Sometimes everything just works out how it should. I suppose that some could argue that things always work out how they are supposed to, but sometimes that isn’t how you would like. This time I was fortunate that this project was both.
When I think of a project, I usually have a picture of how I want it to look in my head. Sometimes that picture is fuzzy. Sometimes it is really clear. Most of the time, during the designing process, it evolves into something else and by the time it is finished it only slightly resembles what I had intended to do with it at the beginning. It is all part of the procedure and I have learned to just kind of go with the flow and allow the project to dictate which direction I should head with it. I find things work the best that way.
But other times, I know exactly how I want the piece to look. I find myself thinking all though the process about which steps I need to take to achieve the look that I imagine. This most recent project was just like that.
I had a deadline to meet for the magazine. We are currently working on the January issue, which will be themed with post-holiday projects and ease us into the spring. This is always one of my favorite times to design for because I often felt a bit let down after the holidays and it is a great opportunity to make some cheerful winter-themed items to replace the holiday decorations and give people something to smile about during those cold and long winter days.
I’ll be honest in saying that as my deadline approached, I didn’t really have a clue as to what I would make for this year’s January issue. I have been really busy with other things though, and figured out that by the time I really had to get down to drawing, I would have figured out which direction I would be heading.
I started by drawing different snowflake shaped frames, and chose one that wasn’t over complicated so that I would still be able to route the edge. I like routing pieces, as I feel that it makes them look nice and finished and professional. Once I settled on the frame however, I felt a bit stuck, and didn’t know where to head next.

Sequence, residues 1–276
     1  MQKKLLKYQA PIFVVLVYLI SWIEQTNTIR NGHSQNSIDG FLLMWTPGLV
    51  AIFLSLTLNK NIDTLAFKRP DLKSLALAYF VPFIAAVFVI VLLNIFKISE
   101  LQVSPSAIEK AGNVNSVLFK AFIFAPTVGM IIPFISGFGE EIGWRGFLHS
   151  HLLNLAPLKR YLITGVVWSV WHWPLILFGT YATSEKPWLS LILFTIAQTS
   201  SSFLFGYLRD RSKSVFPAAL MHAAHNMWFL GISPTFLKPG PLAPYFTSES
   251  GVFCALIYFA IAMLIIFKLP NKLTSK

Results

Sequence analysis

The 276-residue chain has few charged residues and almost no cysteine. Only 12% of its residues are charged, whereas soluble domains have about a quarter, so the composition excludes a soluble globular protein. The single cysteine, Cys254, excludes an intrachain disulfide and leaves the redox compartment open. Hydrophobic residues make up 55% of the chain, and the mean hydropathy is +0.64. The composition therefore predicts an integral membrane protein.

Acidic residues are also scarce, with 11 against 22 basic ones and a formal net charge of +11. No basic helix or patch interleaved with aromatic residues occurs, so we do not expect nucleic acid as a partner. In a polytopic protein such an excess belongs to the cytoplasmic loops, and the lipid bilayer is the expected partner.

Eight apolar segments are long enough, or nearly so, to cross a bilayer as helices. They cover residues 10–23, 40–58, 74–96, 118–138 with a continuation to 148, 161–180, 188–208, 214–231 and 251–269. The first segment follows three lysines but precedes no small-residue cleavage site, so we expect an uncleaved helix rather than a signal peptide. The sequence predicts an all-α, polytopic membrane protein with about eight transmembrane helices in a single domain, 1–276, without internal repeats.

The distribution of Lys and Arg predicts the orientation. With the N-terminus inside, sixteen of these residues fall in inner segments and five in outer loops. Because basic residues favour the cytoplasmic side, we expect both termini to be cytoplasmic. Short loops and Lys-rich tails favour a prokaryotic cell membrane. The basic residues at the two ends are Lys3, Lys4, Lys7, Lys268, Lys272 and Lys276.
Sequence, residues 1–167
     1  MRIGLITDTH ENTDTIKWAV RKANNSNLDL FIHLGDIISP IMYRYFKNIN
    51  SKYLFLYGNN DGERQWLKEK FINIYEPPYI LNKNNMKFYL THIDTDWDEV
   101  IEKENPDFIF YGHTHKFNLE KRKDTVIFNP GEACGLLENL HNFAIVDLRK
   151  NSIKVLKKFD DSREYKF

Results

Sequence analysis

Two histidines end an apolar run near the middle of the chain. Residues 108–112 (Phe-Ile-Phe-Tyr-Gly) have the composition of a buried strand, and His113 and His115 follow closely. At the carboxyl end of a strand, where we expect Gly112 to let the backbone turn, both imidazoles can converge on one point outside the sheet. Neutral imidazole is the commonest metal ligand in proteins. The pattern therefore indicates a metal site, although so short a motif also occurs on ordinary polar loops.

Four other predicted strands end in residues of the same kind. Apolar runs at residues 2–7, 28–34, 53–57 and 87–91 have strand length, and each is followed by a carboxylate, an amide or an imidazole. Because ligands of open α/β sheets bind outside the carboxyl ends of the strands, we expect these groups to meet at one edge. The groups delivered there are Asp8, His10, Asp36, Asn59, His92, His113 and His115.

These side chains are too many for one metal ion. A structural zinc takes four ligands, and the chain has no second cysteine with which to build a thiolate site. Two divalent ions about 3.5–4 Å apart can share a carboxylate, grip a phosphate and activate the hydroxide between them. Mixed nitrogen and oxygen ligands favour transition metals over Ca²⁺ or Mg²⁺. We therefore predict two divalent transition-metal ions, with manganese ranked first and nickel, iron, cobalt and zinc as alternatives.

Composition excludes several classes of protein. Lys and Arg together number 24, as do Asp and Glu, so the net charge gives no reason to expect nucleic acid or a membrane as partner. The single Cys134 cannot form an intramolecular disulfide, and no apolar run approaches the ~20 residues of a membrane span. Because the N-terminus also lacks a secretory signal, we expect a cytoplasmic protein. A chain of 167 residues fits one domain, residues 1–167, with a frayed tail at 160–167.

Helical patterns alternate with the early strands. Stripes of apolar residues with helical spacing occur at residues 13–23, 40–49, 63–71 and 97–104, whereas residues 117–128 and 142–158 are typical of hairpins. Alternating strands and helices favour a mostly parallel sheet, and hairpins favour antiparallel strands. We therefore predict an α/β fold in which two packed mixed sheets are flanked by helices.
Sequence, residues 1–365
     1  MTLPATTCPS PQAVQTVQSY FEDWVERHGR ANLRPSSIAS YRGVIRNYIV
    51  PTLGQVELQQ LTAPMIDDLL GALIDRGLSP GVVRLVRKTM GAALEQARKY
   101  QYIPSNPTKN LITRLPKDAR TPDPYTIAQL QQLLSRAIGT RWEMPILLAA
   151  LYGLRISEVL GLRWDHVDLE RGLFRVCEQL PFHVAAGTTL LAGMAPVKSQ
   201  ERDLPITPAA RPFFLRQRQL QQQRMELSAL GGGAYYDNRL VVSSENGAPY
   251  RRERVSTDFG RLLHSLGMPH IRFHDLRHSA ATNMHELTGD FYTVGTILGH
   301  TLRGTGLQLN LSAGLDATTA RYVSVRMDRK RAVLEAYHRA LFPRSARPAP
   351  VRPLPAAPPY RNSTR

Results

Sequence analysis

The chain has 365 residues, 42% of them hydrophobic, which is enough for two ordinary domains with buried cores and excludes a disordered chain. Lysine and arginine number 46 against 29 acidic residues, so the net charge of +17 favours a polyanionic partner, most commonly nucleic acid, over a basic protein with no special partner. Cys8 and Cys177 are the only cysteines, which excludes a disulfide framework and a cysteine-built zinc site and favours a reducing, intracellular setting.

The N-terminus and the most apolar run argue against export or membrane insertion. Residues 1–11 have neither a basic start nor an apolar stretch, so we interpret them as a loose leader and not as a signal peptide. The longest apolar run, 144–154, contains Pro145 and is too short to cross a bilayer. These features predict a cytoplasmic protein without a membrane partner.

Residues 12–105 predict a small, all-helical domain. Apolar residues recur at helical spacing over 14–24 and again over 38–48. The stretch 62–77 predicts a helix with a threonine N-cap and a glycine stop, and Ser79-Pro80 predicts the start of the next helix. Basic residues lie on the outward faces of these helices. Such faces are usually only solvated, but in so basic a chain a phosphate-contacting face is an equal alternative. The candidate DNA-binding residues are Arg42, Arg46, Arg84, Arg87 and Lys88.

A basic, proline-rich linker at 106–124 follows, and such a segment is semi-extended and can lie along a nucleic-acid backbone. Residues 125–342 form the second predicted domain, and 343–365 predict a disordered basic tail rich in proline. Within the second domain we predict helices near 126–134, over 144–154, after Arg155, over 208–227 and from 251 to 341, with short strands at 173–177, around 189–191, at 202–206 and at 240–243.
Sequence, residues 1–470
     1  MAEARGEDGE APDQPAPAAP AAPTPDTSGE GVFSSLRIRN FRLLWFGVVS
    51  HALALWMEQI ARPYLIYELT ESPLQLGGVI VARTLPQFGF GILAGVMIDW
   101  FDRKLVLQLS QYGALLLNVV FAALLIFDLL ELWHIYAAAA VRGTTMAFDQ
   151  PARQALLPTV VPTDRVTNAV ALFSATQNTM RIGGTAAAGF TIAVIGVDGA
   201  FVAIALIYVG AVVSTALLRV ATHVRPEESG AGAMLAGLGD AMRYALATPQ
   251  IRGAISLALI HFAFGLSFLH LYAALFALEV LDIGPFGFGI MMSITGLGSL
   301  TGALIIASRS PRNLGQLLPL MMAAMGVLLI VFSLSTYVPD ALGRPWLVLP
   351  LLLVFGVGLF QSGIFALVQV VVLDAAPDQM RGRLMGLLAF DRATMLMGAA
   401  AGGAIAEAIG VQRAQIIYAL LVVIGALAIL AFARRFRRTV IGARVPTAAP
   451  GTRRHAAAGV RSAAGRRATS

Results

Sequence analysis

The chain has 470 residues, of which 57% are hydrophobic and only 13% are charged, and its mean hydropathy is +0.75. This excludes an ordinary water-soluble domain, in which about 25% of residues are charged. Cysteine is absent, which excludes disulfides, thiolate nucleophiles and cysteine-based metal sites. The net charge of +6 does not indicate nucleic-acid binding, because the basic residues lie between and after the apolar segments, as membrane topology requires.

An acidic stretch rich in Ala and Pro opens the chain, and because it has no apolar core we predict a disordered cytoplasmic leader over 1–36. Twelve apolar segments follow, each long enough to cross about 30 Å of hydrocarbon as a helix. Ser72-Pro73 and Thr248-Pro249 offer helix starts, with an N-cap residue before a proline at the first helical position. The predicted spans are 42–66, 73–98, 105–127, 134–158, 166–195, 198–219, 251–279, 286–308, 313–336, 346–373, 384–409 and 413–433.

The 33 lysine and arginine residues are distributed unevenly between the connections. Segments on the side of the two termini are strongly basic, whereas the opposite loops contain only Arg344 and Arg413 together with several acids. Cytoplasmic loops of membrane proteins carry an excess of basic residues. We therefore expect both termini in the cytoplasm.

But then, as I was sitting there thinking, I had several orders come in for my new Damask Inspired Patterns. I really loved these new designs. They are so pretty and elegant, yet they are not difficult to cut at all. They are very forgiving because of the nature of the designs, and they are fun to cut because they are a great size. They have everything going for them. It appears that others think so as well because the response to them has been quite overwhelming. The patterns for them are selling like crazy and thanks to that pattern series, we just finished out our August month on the site as our best month to date (and by a long shot!) I am thrilled!
So as with many of my designs that I do, there are a million variations swimming around in my head and it occurred to me that this snowflake frame that I just drew would be the perfect back drop for a lovely winter-themed Damask style plaque. I got busy and in a pretty short time the fog lifted and I envisioned this plaque, along with the silhouette of children building a snowman. (I have some other ideas for this series that will be coming shortly.)
I love when things fall into place like that. It is as if by magic that a few hours later, the entire pattern was drawn. Now all I needed to do was decide on how to finish it and I would be well on my way.
I had recently told you all about a product from DecoArt called Metallic Lustre. This is a water-based metallic wax that can be applied to any surface. The paste resembles a cross between shoe polish and cake frosting in consistency, but it has an incredible metallic shine to it. It comes in six colors such as “Copper Kettle”, “Champagne Ice” and “Silver Spark” and each color is extremely beautiful. I had recently used the Copper Kettle color on a set of my SLD438 Spooky Scrolled Key Ornaments and I was thrilled with the results. Just a small amount of the product made the keys look as if they were made of metal.